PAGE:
The Queer Issue: You're Doing It Wrong
What Bible-Thumping Anti-Gay Fire-Breathers Could Learn from Donald Trump
The Queer Issue: You're Doing It Wrong
Oh, homophobes, what a weird time it is to be you.
For decades, you've drawn sustenance from the same old arguments against "the homosexual lifestyle," which you've steadfastly called depraved, diseased, willfully perverted, and an inherently evil threat to the fabric of society. The generations of homosexuals who lived in the closet allowed your craziest arguments to go unchallenged, and the few hidden-in-plain-sight gays operated from within the gays-are-evil-perverts paradigm, with Liberace denying his depraved lifestyle to the bitter, flaming end and Paul Lynde distorting himself into a sexless, self-ridiculing cartoon.
But what a difference a day makes! Especially when the "day" is a four-decade stretch of progress that's seen the whole ramshackle culture make the evolutionary leap to understanding that gay rights are human rights and homosexuality is just another component of life. And yet in this brave new world of Glee (gay teens running free on TV!) and Lady Gaga (world's biggest pop star moonlighting as the world's most outspoken gay activist), you Bible-thumping homophobes have kept spewing the same poop, responding to the new reality by clamping down harder than ever on old saws, in hopes of... what? Changing minds? Winning converts?
Sorry to burst your bubble, but in the age of Glee/Gaga/majority support for marriage equality, old-timey Bible-based homophobia says so much less about gay people than about the homophobe, who's exposed as a deluded nutbag.
For example, when Michele Bachmann describes homosexuality as "a very sad life" that's "part of Satan," the majority of American housewives don't think, "Hm, maybe that crazy-eyed lady is right, and I should prepare for the day Ellen DeGeneres sprouts goat legs and eats a baby." They think, "Oh, she's one of those freaks who invents reasons to hate gay people." Or take this statement from the American Family Association's Bryan Fischer, who eloquently summed up the gays thusly: "Ladies and gentlemen, they are Nazis. Do not be under any illusions about what homosexual activists will do with your freedoms and your religion if they have the opportunity. They'll do the same thing to you that the Nazis did to their opponents in Nazi Germany." (The mind reels. In the world of self-persecuting homophobes, anyone who isn't actively oppressing homosexuals is a homosexual activist, from actual gays to the many pro sports teams and one president who've contributed to the It Gets Better Project. And apparently we're all going to band together—you, me, President Obama, Adam Lambert, the Chicago Bears—and get some good old-fashioned Nazi death camps up and running. It'll be fab!)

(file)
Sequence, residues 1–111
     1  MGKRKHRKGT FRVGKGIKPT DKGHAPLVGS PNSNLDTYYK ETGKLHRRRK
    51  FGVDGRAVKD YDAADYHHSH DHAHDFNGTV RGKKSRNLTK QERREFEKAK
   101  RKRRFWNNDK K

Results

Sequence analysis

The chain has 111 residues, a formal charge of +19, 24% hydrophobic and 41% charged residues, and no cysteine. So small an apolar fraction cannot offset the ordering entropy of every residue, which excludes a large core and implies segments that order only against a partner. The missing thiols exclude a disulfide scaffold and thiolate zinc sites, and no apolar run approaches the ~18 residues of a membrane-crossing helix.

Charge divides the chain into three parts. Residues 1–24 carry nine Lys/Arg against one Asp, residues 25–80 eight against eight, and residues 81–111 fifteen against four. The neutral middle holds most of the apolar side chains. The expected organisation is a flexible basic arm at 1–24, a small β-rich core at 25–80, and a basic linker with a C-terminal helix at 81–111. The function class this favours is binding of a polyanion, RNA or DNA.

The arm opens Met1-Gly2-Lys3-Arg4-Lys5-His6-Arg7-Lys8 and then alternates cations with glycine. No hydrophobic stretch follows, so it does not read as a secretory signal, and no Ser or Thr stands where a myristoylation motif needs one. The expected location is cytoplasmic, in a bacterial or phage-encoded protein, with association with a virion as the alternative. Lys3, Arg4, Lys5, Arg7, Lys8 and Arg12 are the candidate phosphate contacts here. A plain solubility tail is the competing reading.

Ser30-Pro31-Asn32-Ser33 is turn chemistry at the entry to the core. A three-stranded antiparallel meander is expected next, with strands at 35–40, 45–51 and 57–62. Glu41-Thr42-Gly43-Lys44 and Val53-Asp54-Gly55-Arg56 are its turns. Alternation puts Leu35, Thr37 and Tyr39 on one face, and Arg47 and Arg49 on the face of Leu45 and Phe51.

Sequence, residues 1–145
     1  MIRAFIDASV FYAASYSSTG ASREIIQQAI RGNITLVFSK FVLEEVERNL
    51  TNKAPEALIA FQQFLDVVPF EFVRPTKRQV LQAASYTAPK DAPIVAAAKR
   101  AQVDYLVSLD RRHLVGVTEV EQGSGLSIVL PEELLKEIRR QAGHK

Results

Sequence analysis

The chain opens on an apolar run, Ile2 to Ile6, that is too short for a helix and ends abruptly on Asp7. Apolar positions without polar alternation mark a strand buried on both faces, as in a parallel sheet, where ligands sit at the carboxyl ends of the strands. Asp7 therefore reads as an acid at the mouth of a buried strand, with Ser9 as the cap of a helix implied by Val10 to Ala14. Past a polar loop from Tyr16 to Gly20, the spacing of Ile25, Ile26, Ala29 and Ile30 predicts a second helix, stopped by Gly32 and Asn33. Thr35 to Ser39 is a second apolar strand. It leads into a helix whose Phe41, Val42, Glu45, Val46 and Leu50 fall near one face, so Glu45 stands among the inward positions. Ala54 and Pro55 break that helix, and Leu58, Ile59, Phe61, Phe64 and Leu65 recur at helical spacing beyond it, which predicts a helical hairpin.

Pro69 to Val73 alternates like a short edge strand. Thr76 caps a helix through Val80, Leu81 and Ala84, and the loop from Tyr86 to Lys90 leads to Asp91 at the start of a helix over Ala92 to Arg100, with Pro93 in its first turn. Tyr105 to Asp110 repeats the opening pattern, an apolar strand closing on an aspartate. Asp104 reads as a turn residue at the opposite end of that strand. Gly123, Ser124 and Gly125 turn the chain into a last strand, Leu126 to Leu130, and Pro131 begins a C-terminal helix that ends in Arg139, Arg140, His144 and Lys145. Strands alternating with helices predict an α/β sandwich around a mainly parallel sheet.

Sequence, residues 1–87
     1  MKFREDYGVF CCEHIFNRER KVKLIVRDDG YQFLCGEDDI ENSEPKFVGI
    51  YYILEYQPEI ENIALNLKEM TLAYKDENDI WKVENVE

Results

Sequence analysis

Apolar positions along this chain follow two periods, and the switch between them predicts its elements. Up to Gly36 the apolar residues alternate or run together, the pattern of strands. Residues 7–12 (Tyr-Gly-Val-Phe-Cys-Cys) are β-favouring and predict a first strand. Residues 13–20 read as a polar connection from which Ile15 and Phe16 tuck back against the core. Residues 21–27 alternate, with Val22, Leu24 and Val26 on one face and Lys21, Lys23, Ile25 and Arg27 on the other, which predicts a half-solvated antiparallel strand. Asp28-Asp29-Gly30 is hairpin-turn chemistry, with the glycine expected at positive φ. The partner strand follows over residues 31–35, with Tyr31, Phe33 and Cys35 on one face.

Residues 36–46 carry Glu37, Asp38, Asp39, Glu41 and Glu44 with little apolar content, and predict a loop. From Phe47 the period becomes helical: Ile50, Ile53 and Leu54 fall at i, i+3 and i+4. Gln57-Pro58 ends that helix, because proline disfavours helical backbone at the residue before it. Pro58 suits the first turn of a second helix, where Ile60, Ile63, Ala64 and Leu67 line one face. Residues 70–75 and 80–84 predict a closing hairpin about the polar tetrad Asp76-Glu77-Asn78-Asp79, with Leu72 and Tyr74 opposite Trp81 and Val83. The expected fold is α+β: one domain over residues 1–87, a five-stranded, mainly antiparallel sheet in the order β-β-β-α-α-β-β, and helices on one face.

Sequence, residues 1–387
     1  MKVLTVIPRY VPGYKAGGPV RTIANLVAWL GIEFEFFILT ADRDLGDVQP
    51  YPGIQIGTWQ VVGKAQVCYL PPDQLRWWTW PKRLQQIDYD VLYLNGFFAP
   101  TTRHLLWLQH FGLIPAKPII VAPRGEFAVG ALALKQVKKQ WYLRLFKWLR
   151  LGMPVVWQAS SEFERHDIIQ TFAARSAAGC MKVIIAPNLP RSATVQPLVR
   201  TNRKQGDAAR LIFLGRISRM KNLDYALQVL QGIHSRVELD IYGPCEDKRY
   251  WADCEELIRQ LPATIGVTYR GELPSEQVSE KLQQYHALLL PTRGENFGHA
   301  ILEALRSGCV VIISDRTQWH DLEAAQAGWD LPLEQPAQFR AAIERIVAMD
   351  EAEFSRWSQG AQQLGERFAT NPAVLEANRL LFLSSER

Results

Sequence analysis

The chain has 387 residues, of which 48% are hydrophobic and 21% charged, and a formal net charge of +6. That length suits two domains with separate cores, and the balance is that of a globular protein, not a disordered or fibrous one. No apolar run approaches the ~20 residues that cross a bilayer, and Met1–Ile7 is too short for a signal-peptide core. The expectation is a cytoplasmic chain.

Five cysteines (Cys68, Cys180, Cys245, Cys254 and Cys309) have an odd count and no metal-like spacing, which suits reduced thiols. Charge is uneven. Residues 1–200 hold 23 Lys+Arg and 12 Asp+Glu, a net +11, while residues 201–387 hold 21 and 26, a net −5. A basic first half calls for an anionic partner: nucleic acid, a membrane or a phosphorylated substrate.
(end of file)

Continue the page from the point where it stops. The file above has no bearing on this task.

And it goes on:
Seriously, homophobes—if you're hoping to reverse attrition in your crazy ranks, you've got to learn some finesse. The hoary old monster myths—that gays are inherently evil, that we have a predilection for pedophilia, that we are affiliated with Satan and Hitler—are repellant to anyone who knows an actual gay person. There are definitely new homophobes to be recruited (the road to equality always has stragglers), but if you're looking to win converts, you're doing it wrong.
For a lesson on how to best present anti-gay bigotry in this age of general okayness with gayness, you'd do well to study the maneuvers of a man with legitimate ties to both Satan and Hitler: Donald Trump. The real-estate-mogul-turned-reality-TV-star-turned-failed-presidential-contender spiced up his faux-campaigning with some relatively inspired anti-gay bigotry—"inspired" mostly because it seemed so casual. Asked by Bill O'Reilly for his opinions on gay marriage, Trump said, "I just don't feel good about it. I don't feel right about it." Trump further explained his position to the New York Times: "It's like in golf. A lot of people are switching to these really long putters, very unattractive. It's weird... I hate it. I am a traditionalist. I have so many fabulous friends who happen to be gay, but I am a traditionalist."
And that, my homophobic friends, is the kind of bigotry that could attract some followers. No Satan, no Nazis—just an offhand, unexplained preference. The most functional model of contemporary anti-gay bigotry, Trump proves, is just to present "the ick factor" as an inalienable right.
It's genius. Getting 21st-century Americans to believe Rachel Maddow is the spawn of Satan is clearly an uphill battle, but nothing is easier than getting people to fetishize their own preferences. Presenting anti-gay bigotry as "just a personal preference" is homophobia's last best hope for survival. Polls show the Bible is a losing argument against the gays—even religious leaders are starting to admit that. So drop the Bible-thumping, Third Reich bullshit, homophobes, and start working on your "It's Okay to Not Like Gays!" campaign. You'll need a hip and attractive spokesperson. (Donald Trump doesn't cut it.) Good luck.